Of all the logistical nightmares that have been borne out of the cock-up that is the clash between the Aviva Premiership final and England’s first test in New Zealand, the most intriguing is that at fly-half. With Owen Farrell and Stephen Myler in action domestically and George Ford needing surgery, Freddie Burns and Danny Cipriani are the only two outside halves in the England squad for the first test.
So who will start? Looking at it purely in terms of form, there is no contest. Cipriani has had a year so good on the pitch that he has managed to play himself back into international contention after it seemed those bridges had been irrevocably burnt. Freddie Burns, meanwhile, has found himself benching to part-time fly-half Ryan Mills.
But Burns has been around the England squad for a while now; he is a man that Lancaster trusts. Do not underestimate how important this is – he will be familiar with the way England do things, know all the support staff, and other such important matters when touring.
Inevitably Cipriani will be the focus of intense media coverage between now and the first test, and rightly so given the acrimonious circumstances in which he left the England set-up all those years ago. Rumours of not taking training seriously and a bust-up with the then Saxons head coach – one Stuart Lancaster – means his return to the test arena is quite a story.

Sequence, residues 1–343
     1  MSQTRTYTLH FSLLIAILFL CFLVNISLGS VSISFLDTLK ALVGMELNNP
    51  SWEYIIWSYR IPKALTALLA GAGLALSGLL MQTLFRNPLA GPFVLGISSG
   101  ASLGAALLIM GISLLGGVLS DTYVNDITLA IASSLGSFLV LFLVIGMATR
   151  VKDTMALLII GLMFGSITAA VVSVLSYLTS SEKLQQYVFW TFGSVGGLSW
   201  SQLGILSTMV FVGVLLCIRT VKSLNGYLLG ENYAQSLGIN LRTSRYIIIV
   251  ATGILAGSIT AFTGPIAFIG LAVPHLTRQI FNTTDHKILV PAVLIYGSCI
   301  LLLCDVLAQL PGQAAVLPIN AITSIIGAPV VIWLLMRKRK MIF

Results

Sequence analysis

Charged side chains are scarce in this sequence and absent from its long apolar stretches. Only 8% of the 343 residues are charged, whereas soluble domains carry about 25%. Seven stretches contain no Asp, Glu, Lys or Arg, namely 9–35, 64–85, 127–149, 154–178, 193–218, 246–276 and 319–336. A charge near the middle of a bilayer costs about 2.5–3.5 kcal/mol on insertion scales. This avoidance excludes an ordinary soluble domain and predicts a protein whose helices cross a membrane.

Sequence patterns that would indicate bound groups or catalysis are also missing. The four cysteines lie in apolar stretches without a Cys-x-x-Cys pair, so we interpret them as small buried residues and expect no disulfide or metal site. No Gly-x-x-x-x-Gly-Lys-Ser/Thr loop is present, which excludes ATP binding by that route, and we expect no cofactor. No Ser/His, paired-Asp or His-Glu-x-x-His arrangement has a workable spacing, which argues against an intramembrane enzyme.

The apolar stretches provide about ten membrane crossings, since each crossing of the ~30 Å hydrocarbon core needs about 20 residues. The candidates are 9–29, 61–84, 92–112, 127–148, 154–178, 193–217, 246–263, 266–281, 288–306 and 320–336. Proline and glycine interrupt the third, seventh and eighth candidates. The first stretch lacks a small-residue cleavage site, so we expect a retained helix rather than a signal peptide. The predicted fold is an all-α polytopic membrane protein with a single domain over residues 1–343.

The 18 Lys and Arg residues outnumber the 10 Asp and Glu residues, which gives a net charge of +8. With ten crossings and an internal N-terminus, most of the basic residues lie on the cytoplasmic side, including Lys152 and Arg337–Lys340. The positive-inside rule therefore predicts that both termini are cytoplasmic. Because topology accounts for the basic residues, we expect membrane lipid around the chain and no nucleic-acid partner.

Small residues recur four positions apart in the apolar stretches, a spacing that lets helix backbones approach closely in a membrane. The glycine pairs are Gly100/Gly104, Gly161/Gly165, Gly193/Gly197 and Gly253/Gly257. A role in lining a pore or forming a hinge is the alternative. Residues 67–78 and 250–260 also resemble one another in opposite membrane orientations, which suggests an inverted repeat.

But this time around, there has been none of the behaviour that so soured the relationship back then; none of the showboating in training, the playboy antics off the field.
“I’ve not seen any of that behaviour,” said Lancaster. “He has been hungry to learn and very clear in his desire to be here for the right reasons. As a coach, you are watching all the time for the little cues and tell-tale signs that confirm or deny that. I have to say that so far he’s been excellent.”
Nevertheless, we should not be surprised if Lancaster makes what looks from the outside to be a bit of a curveball selection and throws Freddie Burns into the starting line-up for the first test. Despite having had a poor season, the Gloucester playmaker is a known quantity to the coach and has reportedly been performing to the levels we know he is capable of in training. Lancaster’s comments this week have hinted at such.
“He [Cipriani] is a little behind Freddie in that regard because Freddie’s had so much time and experience [training] with us over the last two years,” Lancaster said. “Danny has played well on a number of occasions this season, but there are definitely areas of his game he could do better.”
At the beginning of the season, not many England fans would have had Freddie Burns and Danny Cipriani down as the options at fly-half, but that is the hand Lancaster has been dealt. If you were Stuart Lancaster, which card would you play?
By Jamie Hosie
Follow Jamie on Twitter: @jhosie43
Photo by: Patrick Khachfe / Onside Images